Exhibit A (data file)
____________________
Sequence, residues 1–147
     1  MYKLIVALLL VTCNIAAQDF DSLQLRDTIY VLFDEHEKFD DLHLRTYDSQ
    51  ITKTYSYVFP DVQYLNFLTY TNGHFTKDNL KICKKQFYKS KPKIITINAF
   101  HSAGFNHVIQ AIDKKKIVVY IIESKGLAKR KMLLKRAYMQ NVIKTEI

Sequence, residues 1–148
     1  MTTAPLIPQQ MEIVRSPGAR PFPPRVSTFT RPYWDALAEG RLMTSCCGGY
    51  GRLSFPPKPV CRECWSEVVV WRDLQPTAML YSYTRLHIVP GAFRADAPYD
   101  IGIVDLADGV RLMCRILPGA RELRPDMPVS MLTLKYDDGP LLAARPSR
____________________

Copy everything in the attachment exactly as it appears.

Sequence, residues 1–147
     1  MYKLIVALLL VTCNIAAQDF DSLQLRDTIY VLFDEHEKFD DLHLRTYDSQ
    51  ITKTYSYVFP DVQYLNFLTY TNGHFTKDNL KICKKQFYKS KPKIITINAF
   101  HSAGFNHVIQ AIDKKKIVVY IIESKGLAKR KMLLKRAYMQ NVIKTEI

Sequence, residues 1–148
     1  MTTAPLIPQQ MEIVRSPGAR PFPPRVSTFT RPYWDALAEG RLMTSCCGGY
    51  GRLSFPPKPV CRECWSEVVV WRDLQPTAML YSYTRLHIVP GAFRADAPYD
   101  IGIVDLADGV RLMCRILPGA RELRPDMPVS MLTLKYDDGP LLAARPSR